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Author danuker
Recipients danuker, methane, rhettinger, xtreak
Date 2020-11-16.14:06:02
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Message-id <>
rhettinger wrote [1]:

> The existing setobject code has been finely tuned and micro-optimized over the years, giving it excellent performance on workloads we care about.

This worries me also. But I suppose the tuning should make itself visible in benchmarks. Does Python have "canonical" benchmarks or  speed tests like PyPy[2]?

I am not sure how useful this is, but I made a naive and synthetic line_profiler benchmark of a naive implementation of set through a dict (see attached file).

It resulted in roughly the following differences:

* Initialization from a 1M-sized list: 41-66% slower
* Inserting an item until doubling size: about the same (perhaps faster, due to the size I've chosen not triggering rebuilding of a dict hash table)
* Deletion: 7-11% slower
* Membership test: 2-15% slower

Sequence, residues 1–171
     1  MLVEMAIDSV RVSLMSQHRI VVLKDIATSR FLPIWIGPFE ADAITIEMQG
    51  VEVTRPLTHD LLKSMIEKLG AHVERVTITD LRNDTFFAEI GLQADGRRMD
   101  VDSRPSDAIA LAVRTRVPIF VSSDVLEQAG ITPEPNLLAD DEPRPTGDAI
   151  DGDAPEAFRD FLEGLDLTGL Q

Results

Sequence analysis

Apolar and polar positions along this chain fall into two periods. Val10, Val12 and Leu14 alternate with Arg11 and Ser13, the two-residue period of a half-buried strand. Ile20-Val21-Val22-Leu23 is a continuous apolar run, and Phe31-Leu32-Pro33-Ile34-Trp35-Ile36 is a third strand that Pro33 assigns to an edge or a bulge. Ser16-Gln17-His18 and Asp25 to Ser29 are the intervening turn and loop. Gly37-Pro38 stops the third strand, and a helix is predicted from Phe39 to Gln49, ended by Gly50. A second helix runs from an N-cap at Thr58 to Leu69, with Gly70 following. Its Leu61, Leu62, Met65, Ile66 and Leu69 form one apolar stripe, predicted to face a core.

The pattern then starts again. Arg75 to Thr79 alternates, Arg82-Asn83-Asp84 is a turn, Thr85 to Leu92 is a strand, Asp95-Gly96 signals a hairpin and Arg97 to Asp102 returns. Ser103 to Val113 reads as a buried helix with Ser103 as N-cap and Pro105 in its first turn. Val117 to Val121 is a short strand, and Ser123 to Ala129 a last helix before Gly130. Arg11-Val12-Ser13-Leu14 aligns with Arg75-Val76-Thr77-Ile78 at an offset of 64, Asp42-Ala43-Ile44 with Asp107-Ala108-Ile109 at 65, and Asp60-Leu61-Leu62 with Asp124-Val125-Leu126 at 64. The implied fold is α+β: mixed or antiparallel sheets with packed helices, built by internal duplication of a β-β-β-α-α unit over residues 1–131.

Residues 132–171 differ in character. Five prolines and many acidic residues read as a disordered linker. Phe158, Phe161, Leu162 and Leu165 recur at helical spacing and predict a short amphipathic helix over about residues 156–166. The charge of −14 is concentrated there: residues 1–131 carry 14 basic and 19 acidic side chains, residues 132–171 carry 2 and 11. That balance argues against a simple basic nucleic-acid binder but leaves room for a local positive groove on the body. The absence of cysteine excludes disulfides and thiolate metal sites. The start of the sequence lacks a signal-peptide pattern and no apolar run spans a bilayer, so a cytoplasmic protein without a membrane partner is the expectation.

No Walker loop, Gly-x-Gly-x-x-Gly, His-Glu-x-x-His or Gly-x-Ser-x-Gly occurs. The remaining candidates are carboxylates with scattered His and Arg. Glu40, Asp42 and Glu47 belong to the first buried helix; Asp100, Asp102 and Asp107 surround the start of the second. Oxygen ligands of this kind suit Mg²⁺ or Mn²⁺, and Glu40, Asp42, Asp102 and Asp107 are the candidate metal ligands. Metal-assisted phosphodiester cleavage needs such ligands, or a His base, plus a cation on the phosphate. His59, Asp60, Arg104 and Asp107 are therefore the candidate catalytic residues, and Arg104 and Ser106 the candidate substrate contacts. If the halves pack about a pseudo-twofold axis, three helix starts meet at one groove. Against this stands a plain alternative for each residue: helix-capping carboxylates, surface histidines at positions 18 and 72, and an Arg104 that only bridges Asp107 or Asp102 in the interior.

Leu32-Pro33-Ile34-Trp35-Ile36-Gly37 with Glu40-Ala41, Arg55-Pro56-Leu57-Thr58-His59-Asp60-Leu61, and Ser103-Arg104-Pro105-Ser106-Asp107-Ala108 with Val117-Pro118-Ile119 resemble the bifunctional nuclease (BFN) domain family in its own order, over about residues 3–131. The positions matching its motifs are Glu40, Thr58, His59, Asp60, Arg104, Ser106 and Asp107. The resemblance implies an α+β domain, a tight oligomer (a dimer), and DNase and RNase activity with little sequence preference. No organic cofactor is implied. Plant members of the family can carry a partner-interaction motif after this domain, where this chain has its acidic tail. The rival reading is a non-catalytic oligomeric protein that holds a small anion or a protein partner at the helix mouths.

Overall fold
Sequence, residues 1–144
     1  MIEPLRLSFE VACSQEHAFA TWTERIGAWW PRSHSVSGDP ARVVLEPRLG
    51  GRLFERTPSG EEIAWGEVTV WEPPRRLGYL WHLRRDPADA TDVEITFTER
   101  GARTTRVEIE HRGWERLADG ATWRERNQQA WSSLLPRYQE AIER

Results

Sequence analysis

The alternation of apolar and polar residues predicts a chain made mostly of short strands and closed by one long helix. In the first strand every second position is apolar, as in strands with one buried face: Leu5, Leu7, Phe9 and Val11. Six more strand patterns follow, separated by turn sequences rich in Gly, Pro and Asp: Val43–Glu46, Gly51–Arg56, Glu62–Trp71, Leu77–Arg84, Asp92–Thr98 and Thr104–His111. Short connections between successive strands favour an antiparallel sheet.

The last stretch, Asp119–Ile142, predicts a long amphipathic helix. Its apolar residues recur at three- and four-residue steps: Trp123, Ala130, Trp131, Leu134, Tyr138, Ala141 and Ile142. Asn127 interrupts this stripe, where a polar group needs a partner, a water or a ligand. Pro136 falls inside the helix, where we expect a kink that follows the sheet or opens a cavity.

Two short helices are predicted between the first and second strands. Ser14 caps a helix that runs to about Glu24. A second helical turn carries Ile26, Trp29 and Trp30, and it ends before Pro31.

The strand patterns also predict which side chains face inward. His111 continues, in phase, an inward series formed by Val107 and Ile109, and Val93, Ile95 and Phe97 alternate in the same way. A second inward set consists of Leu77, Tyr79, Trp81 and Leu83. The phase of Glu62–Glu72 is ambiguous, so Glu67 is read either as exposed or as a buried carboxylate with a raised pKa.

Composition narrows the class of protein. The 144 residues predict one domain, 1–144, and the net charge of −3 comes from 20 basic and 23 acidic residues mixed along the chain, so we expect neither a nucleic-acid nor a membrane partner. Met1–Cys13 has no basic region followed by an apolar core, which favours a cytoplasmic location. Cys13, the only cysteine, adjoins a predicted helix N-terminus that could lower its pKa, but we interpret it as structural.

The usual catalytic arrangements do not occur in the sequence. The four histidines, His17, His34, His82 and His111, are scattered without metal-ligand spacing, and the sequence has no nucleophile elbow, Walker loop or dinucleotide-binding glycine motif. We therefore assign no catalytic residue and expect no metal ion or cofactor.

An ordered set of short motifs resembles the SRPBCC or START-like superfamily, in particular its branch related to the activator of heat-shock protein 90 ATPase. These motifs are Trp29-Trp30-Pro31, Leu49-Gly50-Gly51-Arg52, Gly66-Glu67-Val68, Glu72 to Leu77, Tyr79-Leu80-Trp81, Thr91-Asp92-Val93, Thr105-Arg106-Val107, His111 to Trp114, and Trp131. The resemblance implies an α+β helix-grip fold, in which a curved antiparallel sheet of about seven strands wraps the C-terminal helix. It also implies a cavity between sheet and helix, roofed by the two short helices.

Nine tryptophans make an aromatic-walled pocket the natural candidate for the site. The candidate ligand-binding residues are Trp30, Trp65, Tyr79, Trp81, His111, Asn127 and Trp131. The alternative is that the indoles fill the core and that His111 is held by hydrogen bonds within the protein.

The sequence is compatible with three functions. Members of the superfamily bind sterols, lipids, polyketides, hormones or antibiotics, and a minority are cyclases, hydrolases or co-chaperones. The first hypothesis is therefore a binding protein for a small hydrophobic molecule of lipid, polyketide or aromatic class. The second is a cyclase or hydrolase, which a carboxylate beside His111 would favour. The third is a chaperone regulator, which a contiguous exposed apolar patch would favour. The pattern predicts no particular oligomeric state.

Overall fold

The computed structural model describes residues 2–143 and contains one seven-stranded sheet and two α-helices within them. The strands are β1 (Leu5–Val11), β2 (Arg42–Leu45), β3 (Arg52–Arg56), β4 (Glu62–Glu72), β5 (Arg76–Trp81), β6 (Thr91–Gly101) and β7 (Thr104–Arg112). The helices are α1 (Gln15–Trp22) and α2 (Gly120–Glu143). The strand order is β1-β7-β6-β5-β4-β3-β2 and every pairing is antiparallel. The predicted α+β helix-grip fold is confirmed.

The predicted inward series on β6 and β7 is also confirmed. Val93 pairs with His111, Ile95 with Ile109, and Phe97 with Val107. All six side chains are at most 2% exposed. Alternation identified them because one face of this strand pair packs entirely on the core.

Running them in the opposite order (first dict, then set) gave me the ranges.

I have not considered memory usage (I have not profiled memory before). But I suspect this would be larger, since a dict would keep values in addition to keys.

Additionally, initializing smaller structures (length = 100) seems to be slower; the initialization takes 2x longer (100% slower), but the O(1) operations take about the same.

I suspect methane's implementation linked by xtreak is better (but I have not tried it).

Profiled with:
kernprof -l
python -m line_profiler


Date User Action Args
2020-11-16 14:06:03danukersetrecipients: + danuker, rhettinger, methane, xtreak
2020-11-16 14:06:03danukersetmessageid: <>
2020-11-16 14:06:03danukerlinkissue42368 messages
2020-11-16 14:06:02danukercreate